Meet Our Board Members: Richard Solberg
As Richard Solberg sits in his office, reminiscing over his career and Bell Bank’s growth, a sign over his shoulder reads, “Your worth isn’t found in a bank. Your worth is found in people’s hearts.”
It’s a sentiment that holds true for our board chairman.
“There’s nothing that makes me feel better than hearing that our employees love working for our company,” Richard remarks. “There’s nothing more satisfying for me than that.”
Growing up in Finley, N.D., he watched his dad run a bank in town. Richard went to school for business and didn’t plan to pursue a career in banking. But his first full-time job after graduating from Concordia College was working for a bank in Grand Forks, N.D., and he did not veer from that career path.
Richard started working as a small-loan officer, and after a short time became manager of the bank’s Grand Forks Air Force Base branch.
“Unlike many bankers, my interest ended up being advertising, sales and marketing,” he notes. “That’s how you get new customers.”
After two years, Richard went to work for Citizens State Bank of Finley, where his dad worked. He was there 12 years, and when his dad retired, Richard, who was in his early 30s, became bank president.
In 1982, Thomas "Buck" Snortland, an original founder of what was then State Bank of Fargo, and his son Mickey recruited Richard to become president and a shareholder of their bank.
“Coming from a small town to Fargo, I was nervous,” Richard remembers. “There was no plan or vision that the company would have the growth and success that it’s had over the years.”
Looking back over the last 35-plus years, Richard is proud of how much the bank has grown. Bell is now the largest independently owned bank in the upper Midwest, and one of the largest in the nation, with assets of more than $5 billion and business in 50 states. Richard says a lot of that growth is because of the company’s philosophy.
“The philosophy the Snortlands had and certainly I shared is that people matter more than profits,” he affirms. “The shareholders have always had the philosophy that we don’t have to be the highest-earning bank in the nation. We have to make a reasonable profit, but they never wanted that to be the focus.”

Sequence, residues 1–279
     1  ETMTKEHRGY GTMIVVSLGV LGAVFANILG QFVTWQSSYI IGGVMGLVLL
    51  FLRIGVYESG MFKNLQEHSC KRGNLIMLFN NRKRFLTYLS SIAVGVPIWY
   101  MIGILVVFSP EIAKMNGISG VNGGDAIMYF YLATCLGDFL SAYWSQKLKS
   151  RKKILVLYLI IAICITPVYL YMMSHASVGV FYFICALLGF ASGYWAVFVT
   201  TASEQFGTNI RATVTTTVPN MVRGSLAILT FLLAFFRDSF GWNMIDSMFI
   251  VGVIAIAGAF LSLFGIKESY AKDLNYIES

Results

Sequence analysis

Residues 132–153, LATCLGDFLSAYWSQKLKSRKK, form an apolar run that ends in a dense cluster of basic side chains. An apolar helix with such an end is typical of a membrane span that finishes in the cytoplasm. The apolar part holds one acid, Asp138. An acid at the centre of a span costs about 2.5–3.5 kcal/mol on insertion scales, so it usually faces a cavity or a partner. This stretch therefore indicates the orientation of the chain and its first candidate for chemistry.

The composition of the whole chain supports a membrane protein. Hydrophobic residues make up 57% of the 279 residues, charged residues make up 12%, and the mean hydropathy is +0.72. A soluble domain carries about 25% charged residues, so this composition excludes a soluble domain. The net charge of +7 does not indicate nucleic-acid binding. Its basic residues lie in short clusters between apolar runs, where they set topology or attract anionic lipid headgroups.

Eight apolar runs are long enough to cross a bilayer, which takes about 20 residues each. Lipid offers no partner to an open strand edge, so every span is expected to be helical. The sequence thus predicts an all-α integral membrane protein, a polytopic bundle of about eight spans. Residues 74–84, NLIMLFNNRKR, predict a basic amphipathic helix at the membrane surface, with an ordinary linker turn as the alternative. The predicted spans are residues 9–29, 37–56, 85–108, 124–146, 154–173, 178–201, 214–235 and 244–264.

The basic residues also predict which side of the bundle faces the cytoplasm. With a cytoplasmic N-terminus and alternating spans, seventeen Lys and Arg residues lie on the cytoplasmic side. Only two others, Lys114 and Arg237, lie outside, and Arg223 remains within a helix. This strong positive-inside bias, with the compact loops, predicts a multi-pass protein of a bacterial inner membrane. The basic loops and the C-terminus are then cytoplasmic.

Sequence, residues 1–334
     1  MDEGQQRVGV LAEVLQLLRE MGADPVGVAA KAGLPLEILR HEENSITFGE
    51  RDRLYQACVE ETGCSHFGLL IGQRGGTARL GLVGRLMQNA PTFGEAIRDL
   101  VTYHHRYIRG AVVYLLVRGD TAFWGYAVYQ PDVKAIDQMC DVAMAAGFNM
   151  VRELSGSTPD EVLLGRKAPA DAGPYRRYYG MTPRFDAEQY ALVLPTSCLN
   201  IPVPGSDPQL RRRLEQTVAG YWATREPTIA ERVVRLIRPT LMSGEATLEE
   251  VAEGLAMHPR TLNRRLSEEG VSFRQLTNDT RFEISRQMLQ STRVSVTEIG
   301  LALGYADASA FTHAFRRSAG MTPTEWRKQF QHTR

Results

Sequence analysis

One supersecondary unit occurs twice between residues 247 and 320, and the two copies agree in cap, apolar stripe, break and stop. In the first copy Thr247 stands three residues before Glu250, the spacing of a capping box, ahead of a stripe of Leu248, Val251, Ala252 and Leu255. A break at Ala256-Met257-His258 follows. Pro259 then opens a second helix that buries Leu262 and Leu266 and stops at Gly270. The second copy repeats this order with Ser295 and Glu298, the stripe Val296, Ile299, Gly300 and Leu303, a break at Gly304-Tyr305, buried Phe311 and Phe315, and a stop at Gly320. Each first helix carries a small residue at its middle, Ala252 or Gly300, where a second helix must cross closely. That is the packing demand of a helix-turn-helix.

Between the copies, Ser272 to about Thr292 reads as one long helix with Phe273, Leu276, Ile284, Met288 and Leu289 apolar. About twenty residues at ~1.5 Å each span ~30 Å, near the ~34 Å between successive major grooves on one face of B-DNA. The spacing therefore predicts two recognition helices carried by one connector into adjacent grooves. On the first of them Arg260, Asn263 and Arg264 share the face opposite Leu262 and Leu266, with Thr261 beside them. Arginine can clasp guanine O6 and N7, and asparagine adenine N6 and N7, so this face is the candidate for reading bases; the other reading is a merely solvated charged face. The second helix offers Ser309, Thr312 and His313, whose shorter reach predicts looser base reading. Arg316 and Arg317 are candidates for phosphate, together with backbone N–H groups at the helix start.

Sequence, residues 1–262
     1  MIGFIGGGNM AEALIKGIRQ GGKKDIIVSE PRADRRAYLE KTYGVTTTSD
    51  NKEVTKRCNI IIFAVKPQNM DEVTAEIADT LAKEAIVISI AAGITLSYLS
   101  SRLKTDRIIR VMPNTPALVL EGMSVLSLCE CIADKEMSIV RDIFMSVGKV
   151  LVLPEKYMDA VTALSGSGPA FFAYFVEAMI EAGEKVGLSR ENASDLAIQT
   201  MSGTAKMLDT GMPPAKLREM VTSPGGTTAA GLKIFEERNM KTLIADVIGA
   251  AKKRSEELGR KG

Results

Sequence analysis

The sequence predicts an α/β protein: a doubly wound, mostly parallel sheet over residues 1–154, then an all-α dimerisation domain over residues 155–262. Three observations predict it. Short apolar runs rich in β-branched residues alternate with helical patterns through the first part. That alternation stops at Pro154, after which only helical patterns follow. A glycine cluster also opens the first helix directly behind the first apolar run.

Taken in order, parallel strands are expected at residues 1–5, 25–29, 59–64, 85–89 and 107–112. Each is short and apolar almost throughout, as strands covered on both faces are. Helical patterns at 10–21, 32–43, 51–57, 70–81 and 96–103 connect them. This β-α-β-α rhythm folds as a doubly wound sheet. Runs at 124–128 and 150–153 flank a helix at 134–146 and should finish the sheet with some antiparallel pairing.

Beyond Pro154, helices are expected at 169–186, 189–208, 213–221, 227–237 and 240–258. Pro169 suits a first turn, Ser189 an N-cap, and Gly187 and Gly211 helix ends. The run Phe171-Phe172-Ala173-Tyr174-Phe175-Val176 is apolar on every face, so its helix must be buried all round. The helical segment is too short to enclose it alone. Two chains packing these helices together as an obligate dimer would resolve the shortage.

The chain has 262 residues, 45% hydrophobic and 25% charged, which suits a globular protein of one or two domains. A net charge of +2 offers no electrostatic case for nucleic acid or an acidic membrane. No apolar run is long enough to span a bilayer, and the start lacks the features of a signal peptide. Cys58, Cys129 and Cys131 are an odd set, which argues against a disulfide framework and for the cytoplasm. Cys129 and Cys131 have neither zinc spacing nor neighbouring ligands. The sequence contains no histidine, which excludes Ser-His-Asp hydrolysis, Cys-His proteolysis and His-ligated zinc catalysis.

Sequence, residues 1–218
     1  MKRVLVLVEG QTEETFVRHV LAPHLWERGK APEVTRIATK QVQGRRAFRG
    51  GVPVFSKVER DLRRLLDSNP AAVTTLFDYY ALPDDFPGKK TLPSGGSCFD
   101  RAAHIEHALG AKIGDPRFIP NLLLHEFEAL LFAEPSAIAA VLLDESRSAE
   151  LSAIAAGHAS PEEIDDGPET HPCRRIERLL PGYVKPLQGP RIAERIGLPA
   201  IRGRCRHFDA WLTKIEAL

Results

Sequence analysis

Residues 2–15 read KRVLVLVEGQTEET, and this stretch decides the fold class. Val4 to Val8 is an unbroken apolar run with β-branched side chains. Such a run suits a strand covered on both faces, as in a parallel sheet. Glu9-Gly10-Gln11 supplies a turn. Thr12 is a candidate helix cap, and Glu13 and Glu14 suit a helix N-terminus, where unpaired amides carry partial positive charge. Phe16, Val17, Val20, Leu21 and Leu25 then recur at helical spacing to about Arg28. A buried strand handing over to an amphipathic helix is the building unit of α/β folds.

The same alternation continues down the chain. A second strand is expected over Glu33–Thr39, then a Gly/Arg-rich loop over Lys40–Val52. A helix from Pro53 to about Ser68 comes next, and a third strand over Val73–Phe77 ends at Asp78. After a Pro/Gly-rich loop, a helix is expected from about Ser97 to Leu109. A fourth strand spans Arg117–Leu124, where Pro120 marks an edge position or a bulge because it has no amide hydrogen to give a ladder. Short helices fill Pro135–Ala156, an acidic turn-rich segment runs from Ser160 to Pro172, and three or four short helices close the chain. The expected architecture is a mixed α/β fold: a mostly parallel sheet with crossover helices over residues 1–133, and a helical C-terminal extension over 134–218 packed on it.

Employees are more loyal to a company if they’re included in the profit-sharing and benefits, and they know the company sincerely cares about them, Richard points out.
“I think that reflects in how they perform their jobs and how they treat customers and each other,” he confirms.
In 2009, Richard’s son, Michael, took over as president, and in 2014 he was named CEO. Richard considers it a blessing that Michael was interested in the banking industry, but says his last name didn’t necessarily qualify him for the job. The board of directors unanimously voted to give it to him but said it wasn’t because he was a Solberg.
“I’m trying to guide the ship, but as he’s taking over, I’m trying to let him run the ship,” Richard notes. “It’s working very well, and I’m very proud of how he’s doing and how the bank is doing.”
Working in banking, Richard has had a lot of opportunities to make a difference in people’s lives. One of his favorite memories is of helping a small-town business. He was working at the Finley bank, and the town bakery was barely surviving.
“The people who owned it worked so hard,” he comments. “They would get up at 2 o’clock in the morning to bake bread.”
They started making frozen dough they would sell in neighboring towns. It sold out quicker than they could make it, but they didn’t have any capital to expand the business.
“We formed a development corporation to help them,” Richard recalls. “They built a nice, new building in Finley. They’ve added on several times. The business is still successful.”
In fact, Top Taste, Inc. has grown from a local bakery into a company that sells Fetting’s Frozen Bakery Products nationwide. Bell buys the cookies that are so popular in our branches from Top Taste, Inc.
Though he retired from his position as CEO when Michael took over, Richard still works part time, and he likes to spend a lot of his time on sales and marketing. For years he wrote the copy for every billboard, newspaper ad, direct mailer and bus bench sign.
“We would spend hours on strategy and copy,” he notes.
Richard didn’t start playing golf until later in life when he was encouraged by his wife, Jo Ellen, to take up the sport as he approached retirement. But his favorite hobby is his job.
“Work is my hobby,” he insists. “When I was younger, I used to joke that when all the other bankers were golfing, I was calling on their customers. And I got many of them.”
Richard and Jo Ellen live in Fargo and have three grown children and 11 grandchildren.
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